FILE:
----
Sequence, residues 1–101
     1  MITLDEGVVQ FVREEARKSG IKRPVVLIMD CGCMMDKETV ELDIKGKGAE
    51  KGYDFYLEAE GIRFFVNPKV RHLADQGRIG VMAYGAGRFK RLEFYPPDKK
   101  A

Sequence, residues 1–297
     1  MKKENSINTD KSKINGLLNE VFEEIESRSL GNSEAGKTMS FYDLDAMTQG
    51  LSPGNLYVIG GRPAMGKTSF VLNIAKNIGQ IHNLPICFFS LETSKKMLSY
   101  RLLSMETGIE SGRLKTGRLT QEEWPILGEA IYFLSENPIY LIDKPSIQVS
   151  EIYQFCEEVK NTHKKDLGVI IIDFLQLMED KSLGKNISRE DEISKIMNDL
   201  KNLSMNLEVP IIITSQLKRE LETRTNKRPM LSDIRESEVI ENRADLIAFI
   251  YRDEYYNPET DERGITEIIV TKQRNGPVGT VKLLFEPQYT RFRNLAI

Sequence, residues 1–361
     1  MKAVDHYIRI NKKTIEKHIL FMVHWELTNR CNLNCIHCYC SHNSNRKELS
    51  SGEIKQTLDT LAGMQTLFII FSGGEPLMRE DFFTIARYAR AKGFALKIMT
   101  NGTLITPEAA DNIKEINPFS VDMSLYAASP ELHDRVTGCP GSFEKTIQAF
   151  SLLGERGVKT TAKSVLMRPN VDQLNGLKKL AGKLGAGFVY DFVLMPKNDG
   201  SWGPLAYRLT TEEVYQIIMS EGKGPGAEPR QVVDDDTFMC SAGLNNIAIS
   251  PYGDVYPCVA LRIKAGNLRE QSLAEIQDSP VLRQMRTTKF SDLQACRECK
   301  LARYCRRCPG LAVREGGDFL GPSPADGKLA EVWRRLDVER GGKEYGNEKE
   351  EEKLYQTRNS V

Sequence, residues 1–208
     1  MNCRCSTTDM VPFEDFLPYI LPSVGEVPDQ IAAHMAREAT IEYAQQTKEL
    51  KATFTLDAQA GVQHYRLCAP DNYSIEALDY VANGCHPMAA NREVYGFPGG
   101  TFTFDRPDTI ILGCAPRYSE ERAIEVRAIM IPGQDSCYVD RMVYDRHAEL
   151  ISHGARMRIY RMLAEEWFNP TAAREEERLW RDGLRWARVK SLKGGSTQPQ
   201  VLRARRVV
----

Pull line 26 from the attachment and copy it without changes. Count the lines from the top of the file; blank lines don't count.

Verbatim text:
   201  VLRARRVV